GPU-Based MPEG-2 to Secure Scalable Video Transcoding

GPU-Based MPEG-2 to Secure Scalable Video Transcoding

Yueyun Shang (South Central University for Nationalities, Wuhan, China), Dengpan Ye (Wuhan University, Wuhan, China), Zhuo Wei (Singapore Management University, Singapore) and Yajuan Xie (Nanyang Technological University, Singapore)
Copyright: © 2014 |Pages: 18
DOI: 10.4018/ijdcf.2014040104
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Abstract

Most of the high definition video content are still produced in a single-layer MPEG-2 format. Multiple-layers Scalable Video Coding (SVC) offers a minor penalty in rate-distortion efficiency when compared to single-layer coding MPEG-2. A scaled version of the original SVC bitstream can easily be extracted by dropping layers from the bitstream. This paper proposes a parallel transcoder from MPEG-2 to SVC video with Graphics Processing Unit (GPU), named PTSVC. The objective of the transcoder is to migrate MPEG-2 format video to SVC format video such that clients with different network bandwidth and terminal devices can seamlessly access video content. Meanwhile, the transcoded SVC videos are encrypted such that only authorized users can access corresponding SVC layers. Using various scalabilities SVC test sequences, experimental results on TM5 and JSVM indicate that PTSVC is a higher efficient transcoding system compared with previous systems and only causes little quality loss.
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Introduction

MPEG-2 (ITU-T, 2009) format is used for the standard of High-definition TV compression. High-definition refers to video having resolution substantially higher than traditional television systems (standard-definition TV). H.264/SVC (Scalable Video Coding) (H. Schwarz et al., 2007) supports the same video quality with more effective compression. It can be suitable for different network conditions and various terminal devices by adapting quality, spatial or temporal enhancement layers.

The drawback of MPEG-2 is that it is usually accepted by powerful and high-resolution devices, and only translated under high speed network bandwidth. One approach to making use of the existing MPEG-2 video for different users with various devices and networks is transcode it to an SVC bitstream.

In order to make existing MPEG-2 High-definition data to be widely served to various authorized clients, e.g., previewing or VOD (Video on Demand), the transcoding from MPEG-2 bitstreams to secure H.264/SVC bitstreams can satisfy the application requirements. For example, the TeleOph system in (Y. D. Wu, Z. Wei, H. X. Yao, Z. G. Zhao, N. L. Heng, R. H. Deng & S. S. Yu, (2010)) captures MPEG-2 video from HD cameras of clinics and send video to hospitals, then hospital ophthalmologists can provide consultation for patients. However, since TeleOph system must work at high-speed network condition, it cannot supply widely services for remote patients. The basic transcoding technique is the cascaded transcoding. Since the cascaded transcoding consists a full decoder and a full encoder, it is low efficient. Hence, researchers have been working on transcoding techniques and have proposed several transcoding schemes, e.g., homogeneous and heterogeneous transcoding systems. The former is done in the same or similar coding standards, e.g., (J. Nakajima, et al., 2001; A. Vetro et al., 2002; R. G. Cantos & J. D. Cock, 2011). The latter is used to perform format conversion between different compression standards (e.g., W-C. Siu et al., 2007; Y-K. Lee et al., 2006; Y. Su et al., 2005). Although there are lots of heterogeneous transcoding schemes, they must be high computation cost or unfeasible if we directly apply those transcoding schemes for HD data (i.e., MPEG-2) to H.264/SVC bitstreams. The reasons are: i) HD data contains the huge digital information, traditional transcoding systems generally produce high computation complexity because they seldom consider parallel processing; ii) Because desired H.264/SVC bitstreams contain not only base layer but also several enhancement layers, transcoding systems have to encode all of them; iii) Normally, HD data can be only accessed by authorized users, i.e., previewing of base layer, hence transcoded H.264/SVC bitstreams should be protected. In this article, since MPEG-2 and H.264/SVC are generally based on block or macroblock of images as coding units, transcoding of macroblocks can be simultaneously operated, we propose a GPU-based transcoding scheme for MPEG-2 to secure H.264/SVC, named PTSVC. PTSVC consists of parallel Intra transcoding (PIntra) and parallel Inter transcoding (PInter) techniques. Moreover, due to the scalable requirements of H.264/SVC bitstreams, H.264/SVC bitstreams may contain quality and spatial scalabilities, PTSVC further exploits parallel characteristics of GPU architecture to encode quality and spatial enhancement layers for H.264/SVC bitstreams. At last, PTSVC encrypts the transcoded H.264/SVC bitstreams by integrating access control into transcoding processes. Our experimental results on HD test sequences indicate that PTSVC is efficient and causes less bitrate loss.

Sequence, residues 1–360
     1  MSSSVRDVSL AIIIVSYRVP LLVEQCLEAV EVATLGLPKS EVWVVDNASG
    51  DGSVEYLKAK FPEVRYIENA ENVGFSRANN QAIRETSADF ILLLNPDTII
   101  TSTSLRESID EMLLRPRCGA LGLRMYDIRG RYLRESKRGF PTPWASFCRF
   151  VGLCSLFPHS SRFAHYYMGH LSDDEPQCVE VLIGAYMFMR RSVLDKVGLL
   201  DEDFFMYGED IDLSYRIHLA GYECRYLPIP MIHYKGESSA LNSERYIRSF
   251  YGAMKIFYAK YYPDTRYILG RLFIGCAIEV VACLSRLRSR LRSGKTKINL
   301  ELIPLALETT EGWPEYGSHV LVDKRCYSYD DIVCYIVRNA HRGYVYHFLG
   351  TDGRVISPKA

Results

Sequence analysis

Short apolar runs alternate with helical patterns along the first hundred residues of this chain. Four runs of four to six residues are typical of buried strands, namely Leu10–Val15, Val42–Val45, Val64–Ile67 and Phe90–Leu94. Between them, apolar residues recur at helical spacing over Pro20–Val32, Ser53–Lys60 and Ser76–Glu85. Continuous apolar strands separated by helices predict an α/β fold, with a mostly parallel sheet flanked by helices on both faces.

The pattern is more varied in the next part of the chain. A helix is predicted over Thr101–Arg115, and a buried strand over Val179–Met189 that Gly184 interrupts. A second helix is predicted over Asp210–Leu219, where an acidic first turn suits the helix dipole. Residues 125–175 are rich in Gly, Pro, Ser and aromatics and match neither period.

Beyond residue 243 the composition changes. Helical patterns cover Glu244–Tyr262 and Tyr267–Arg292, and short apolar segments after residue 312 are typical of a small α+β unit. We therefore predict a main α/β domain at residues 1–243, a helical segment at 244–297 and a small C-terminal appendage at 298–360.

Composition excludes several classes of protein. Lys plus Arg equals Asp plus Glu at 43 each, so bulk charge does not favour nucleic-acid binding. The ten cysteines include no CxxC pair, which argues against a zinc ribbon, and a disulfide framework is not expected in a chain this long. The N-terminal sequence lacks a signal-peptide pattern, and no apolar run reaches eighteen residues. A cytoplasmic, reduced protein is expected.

The reminder of this paper is organized as follows. Section “RELATED WORKS” is about access control jobs and Section “OVERVIEW OF H.264/SVC STANDARD” gives a brief introduction of H.264/SVC standard. GPU-based transcoding and access control techniques are explained in Section “GPU-BASED TRANSCODING”. Section “EXPERIMENTS AND SECURITY EVALUATION” shows the experimental results and security evaluation, respectively. Last, we draws conclusion and future works.

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